Gender equality in the sexual and reproductive life of women is an ongoing issue. Male interests, attitudes and beliefs still have a tremendous impact on the lives of females. On the one hand, methodological aspects in research play a crucial role in reaching equality in all aspects of women's life and reproductive health, on the other hand, reproductive rights encompassing the right to reproductive health care and the right to reproductive self-determination are a matter for society at large. Within the context of the male-centeredness of research on women's reproductive health, the issues of abortion, contraception, sex education, sexually transmitted diseases and HIV/AIDS were discussed and scrutinized.
Key words: Gender Equality, Reproductive Health, Abortion, Contraception, Sex Education, Sexually Transmitted Diseases, HIV/AIDS
Is there Gender Equality in Women's Reproductive Health?
A majority of factors related to women's health, including their access to and utilization of health care services, the quality of the health care available to them, and public policies related to health care, are significantly shaped by the social and political status of women (Travis, 1993). Some health conditions, such as osteoporosis and eating disorders, disproportionately affect women as compared to men, whereas other health concerns, such as hysterectomy and menstruation, are unique to women (Yoder, 1999).
The androcentric assumption that men's bodies are normative permeates the field and leads to a range of biases in health research and health care. The most prominent biases are (1) gendercentricity (androcentricity/gynocentricity), (2) overgeneraliztion/overspecificity, (3) gender insensitivity, and (4) double standards (Basow, 2001; Hyde & Mezulis, 2001; Legato, 2002; Eichler, 1991, 1997, 1998; Caplan & Caplan, 1994; Rabinowitz & Sechzer, 1993).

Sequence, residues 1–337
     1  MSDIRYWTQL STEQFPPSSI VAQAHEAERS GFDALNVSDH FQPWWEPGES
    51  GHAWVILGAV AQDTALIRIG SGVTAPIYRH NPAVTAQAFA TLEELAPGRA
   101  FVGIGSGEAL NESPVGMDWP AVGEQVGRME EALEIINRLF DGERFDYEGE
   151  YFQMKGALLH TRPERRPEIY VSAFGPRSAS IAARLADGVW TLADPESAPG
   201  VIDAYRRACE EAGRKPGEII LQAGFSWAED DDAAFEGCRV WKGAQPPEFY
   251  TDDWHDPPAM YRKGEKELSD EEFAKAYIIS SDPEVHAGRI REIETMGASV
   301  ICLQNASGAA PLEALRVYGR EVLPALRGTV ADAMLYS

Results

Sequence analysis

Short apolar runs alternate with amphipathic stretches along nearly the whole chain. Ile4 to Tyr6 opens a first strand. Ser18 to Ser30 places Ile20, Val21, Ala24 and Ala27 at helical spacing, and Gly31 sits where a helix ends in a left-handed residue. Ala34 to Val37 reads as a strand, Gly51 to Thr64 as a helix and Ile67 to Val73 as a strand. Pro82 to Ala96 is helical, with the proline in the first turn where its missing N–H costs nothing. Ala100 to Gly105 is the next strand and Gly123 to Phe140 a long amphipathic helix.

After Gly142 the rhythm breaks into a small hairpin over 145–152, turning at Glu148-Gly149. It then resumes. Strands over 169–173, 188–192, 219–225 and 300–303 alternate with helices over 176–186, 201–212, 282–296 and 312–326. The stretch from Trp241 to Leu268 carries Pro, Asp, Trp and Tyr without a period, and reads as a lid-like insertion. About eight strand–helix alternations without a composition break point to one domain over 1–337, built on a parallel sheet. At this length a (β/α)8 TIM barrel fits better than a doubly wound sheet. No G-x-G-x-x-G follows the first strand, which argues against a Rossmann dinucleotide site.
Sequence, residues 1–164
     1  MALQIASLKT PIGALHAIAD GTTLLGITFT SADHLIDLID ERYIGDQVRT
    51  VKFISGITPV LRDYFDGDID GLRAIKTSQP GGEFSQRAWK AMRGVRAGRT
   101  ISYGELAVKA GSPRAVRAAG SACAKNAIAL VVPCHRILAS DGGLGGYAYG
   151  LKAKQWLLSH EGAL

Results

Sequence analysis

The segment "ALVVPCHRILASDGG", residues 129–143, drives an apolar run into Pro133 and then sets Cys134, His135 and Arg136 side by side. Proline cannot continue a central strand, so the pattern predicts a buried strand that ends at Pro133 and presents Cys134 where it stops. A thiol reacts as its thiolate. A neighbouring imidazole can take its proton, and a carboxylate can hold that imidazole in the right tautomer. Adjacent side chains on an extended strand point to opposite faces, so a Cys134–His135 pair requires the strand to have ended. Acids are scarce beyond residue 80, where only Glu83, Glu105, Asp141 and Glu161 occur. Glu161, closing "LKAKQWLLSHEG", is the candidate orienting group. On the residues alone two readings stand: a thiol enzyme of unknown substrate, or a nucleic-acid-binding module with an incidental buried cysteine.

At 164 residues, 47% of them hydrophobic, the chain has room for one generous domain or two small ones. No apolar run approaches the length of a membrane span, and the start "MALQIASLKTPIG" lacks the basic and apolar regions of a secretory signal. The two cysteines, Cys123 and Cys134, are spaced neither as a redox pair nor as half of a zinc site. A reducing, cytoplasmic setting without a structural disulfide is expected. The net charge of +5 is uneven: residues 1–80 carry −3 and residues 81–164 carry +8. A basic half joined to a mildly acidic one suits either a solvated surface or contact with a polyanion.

In the area of health, male centeredness (androcentricity) is the value set of our dominant culture. Male behavior serves as a standard, and women's behaviors are considered as deviations from what "normal" individuals (i.e., men) do (Basow, 2001). Until now, no explicit model or theory exists relating to "women's health"; the healthy individual is the healthy male, and the healthy female differs from this norm (Broverman, Broverman, Clarkson, Rosenkrantz & Vogel, 1970; Legato, 2002). The World Health Organization (WHO) defines health as "a state of complete physical, mental and social well-being and not merely the absence of disease or injury" (World Health Organization, 1948). This definition emphasizes social conditions, which still differ for women and men in most cultures around the world. Furthermore, positively valued abilities, behaviors and traits - such as intelligence, spatial and mathematical abilities, and independence (Caplan & Caplan, 1994; Halpern, 2001; Hamilton, 2001) - are usually regarded as the domain of males. The "prestigious" diseases, such as coronary heart disease, are typically discussed and considered from the male perspective (Shumaker & Smith, 1995; Legato, 2002). In contrast, several negative conditions are typically regarded as occurring almost exclusively in females. These mental disorders and physical problems include eating disorders, depression, and psychosomatic disorders. This designation is in line with the "women-as-problem" bias that Dr. Matlin mentions in her paper in this volume (Matlin, 2000, 2003; Franke & Kammerer, 2001).
Ordinarily, men's experience tends to be seen as the appropriate basis for making general statements about practically anything but the family, whereas women's experience is seen as relating only to certain aspects of family life and reproduction. These overgeneralizations of the "healthy male as norm" and of certain illnesses as "female diseases" have led to contradictory conclusions based on a biased research focus. …